Over the past week, major brands have signed up to the Stop Hate for Profit campaign in an attempt to force Facebook to police its content more actively. But will they succeed?
What is Stop Hate for Profit?
This launched on 17th June. Here’s a summary of what it stands for and what it’s trying to achieve, summarised from the Stop Hate for Profit website:
Stop Hate for Profit has one simple goal: to convince social media companies to put people over profit. They are asking advertisers to pause their spending on Facebook and Instagram ads during July.
Why Facebook? The argument is that it is not doing enough to address ongoing issues with hate speech, incitement, harassment and misinformation. Advertising content is often placed in proximity to hateful content.
A company that makes $70 billion in revenue – about 98% of that from advertisers – and $17 billion in profit should, they argue, be doing more.
Despite making some improvements, it hasn’t been good enough when you have billions of users and rampant hate all over the platform 24 hours a day, seven days a week.
- According to Facebook’s own internal research on German political groups in 2016, 64% of all extremist group joins are due to Facebook’s own recommendation tools.
- Last month, Facebook created a loophole in its fact-checking programme that will allow climate science denial to flourish further.
- During the ongoing COVID-19 pandemic, Facebook decreased the number of human content moderators who monitor hateful content on the platform.
- Facebook has repeatedly refused to remove political advertisements that contain blatant lies.
Stop Hate for Profit suggest that improving the current situation shouldn’t be that difficult. Clamp down on common misinformation and conspiracies. Stop recommending hate. Make a number of clear, common-sense changes. Provide human beings to help people when they are being brutally harassed.
They argue that Facebook won’t take this seriously unless it is forced to do so.
How has Facebook responded?
Mark Zuckerberg announced a few measures last week in response to calls for change. Facebook will start flagging posts that violate its hate speech rules and prohibit harmful content in ads.
In truth, there’s little new here. Facebook already monitors ad content, although my personal experience of it is that it’s somewhat haphazard in its application. The human moderators who handle appeals are often slow to respond and aren’t permitted much leeway to exercise their own discretion.
It’s hard not to conclude that Zuckerberg has simply shuffled the deckchairs, hoping that the problem will go away.
Okay, so now what?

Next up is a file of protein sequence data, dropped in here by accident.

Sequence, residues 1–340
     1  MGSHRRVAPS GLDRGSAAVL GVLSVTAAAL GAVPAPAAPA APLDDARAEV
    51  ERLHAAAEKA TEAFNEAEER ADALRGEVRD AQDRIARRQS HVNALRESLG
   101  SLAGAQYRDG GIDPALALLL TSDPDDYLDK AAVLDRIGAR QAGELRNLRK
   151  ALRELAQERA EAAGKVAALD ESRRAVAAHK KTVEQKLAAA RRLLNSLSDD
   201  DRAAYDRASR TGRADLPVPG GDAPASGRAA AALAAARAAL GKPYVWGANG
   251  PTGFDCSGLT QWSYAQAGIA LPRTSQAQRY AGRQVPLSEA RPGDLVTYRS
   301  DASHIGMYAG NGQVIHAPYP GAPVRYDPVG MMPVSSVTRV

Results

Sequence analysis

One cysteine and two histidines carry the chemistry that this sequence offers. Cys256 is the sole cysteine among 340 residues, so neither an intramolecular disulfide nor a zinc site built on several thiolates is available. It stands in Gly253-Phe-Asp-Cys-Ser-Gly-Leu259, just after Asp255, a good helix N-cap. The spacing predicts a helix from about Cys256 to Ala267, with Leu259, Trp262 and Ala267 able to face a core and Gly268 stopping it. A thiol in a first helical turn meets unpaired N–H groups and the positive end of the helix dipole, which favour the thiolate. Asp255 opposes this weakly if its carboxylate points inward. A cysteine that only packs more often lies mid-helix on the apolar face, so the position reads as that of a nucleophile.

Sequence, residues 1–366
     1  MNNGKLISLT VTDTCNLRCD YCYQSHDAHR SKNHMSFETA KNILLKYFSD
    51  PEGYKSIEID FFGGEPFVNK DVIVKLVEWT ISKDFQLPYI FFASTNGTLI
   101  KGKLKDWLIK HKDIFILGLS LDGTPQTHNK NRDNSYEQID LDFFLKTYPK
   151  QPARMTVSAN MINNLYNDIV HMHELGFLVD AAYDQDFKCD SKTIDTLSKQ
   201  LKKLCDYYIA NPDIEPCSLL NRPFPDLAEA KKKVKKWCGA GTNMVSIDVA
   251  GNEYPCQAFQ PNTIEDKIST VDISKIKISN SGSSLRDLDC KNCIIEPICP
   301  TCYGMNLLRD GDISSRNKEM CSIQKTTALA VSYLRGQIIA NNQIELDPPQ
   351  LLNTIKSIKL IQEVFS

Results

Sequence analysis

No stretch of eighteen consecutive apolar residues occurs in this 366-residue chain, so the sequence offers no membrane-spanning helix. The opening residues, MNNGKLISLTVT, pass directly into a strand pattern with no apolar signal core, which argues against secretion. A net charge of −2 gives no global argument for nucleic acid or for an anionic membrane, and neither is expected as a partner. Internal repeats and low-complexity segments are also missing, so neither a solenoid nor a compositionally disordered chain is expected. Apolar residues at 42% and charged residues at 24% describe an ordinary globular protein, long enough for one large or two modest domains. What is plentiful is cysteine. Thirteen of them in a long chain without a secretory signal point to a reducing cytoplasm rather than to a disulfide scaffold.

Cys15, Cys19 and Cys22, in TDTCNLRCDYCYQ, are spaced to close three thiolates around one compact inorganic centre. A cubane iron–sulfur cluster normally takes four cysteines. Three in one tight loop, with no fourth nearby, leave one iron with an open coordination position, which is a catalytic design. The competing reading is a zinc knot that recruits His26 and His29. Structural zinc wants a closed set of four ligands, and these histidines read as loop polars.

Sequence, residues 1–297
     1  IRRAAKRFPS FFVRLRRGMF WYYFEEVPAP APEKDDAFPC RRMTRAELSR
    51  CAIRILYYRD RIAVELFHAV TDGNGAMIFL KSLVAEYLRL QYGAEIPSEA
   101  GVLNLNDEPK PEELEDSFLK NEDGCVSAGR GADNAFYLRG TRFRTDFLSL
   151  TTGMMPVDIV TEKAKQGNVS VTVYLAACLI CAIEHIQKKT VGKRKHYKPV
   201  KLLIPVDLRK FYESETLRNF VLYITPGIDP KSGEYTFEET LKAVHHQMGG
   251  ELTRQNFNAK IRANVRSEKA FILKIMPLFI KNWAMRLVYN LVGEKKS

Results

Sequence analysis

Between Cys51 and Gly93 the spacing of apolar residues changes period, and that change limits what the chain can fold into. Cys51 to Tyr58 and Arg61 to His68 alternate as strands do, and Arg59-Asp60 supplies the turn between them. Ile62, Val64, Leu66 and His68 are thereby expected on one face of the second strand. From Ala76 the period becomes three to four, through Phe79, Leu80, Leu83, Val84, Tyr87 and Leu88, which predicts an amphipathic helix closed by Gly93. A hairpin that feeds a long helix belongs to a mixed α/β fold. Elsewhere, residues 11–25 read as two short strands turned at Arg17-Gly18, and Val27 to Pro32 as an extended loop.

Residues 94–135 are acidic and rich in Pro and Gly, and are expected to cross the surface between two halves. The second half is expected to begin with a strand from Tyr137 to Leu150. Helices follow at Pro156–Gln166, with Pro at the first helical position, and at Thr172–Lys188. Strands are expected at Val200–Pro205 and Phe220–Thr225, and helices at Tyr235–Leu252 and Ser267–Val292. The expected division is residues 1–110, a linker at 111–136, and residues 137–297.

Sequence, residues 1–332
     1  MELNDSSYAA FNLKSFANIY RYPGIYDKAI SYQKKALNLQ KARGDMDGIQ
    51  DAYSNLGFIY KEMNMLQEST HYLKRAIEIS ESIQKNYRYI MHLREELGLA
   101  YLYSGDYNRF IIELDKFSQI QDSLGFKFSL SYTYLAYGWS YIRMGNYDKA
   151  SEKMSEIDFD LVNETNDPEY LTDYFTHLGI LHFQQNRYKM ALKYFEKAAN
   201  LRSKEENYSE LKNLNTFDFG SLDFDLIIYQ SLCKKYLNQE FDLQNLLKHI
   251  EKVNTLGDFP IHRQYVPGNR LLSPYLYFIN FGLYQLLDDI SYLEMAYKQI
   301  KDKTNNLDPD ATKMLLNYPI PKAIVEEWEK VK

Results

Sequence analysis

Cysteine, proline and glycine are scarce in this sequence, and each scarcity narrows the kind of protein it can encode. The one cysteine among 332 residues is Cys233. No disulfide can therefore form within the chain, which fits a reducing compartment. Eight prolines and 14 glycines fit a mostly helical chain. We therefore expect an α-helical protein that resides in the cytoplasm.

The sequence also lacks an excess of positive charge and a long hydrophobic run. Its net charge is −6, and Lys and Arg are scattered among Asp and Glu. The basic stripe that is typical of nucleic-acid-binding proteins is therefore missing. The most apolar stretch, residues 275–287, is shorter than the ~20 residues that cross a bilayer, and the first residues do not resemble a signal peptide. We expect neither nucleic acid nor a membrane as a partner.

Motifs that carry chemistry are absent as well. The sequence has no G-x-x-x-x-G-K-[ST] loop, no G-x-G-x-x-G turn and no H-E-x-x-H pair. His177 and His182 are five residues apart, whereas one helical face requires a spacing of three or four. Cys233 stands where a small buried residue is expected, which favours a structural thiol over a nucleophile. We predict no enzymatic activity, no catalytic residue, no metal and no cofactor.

The pressure on Facebook continues to mount. An increasing number of advertisers – including Coca-Cola, Unilever, Starbucks and Levi Strauss – have announced their intention to pause at least Facebook ads in July. (Sleeping Giant is keeping a running list, if you’re interested.)
The list – and the cumulative impact on Facebook’s revenue – is growing. The company’s stock price fell by 8% on Friday. This wiped $56 billion off Facebook’s market value and dented Zuckerberg’s personal net worth by $7 billion.
The direction of travel is now clear. We can expect many more brands to add their names to the list of those boycotting Facebook in July, and possibly beyond.
Will this work?
So it’s all good, right? Big brands are putting principles before profits. Facebook (and other social networks) will have to toe the line. And the world will be a better, safer place as a result.
I’m not so sure.
For starters, history suggests that Facebook will not hurry to make anything more than small, cosmetic tweaks. They certainly won’t rush to make big investments in infrastructure or human moderators that will impact their profitability.
Brands are doing the right thing by hitting Facebook in the pocket. But the bigger question is: what will they do after July? Big global advertisers withholding spend for a month counts as a significant flesh wound. But what if Zuckerberg stands his ground – as he most likely will – and waits for the storm to dissipate?
What then? How pure are the brands’ motives? Will they really put principles over profits longer-term?
The TSC view
I’ve been talking about this with TSC contributors Henry Ellis and Christian Turner. Henry is a digital strategist at one of Europe’s most well-known agencies and Christian has experience on both agency and client-side, so they know what they’re talking about.
TIM: When someone like Unilever pulls their social media budget, that has an impact, right?
HENRY: Yes, that’s what will actually get Facebook to sit up and think about this. You’ll also see a ton of small brands who will say they’re going to sign up. But in reality, many are hoping the whole thing will get resolved in a week or two. Then they can switch the ads back on again.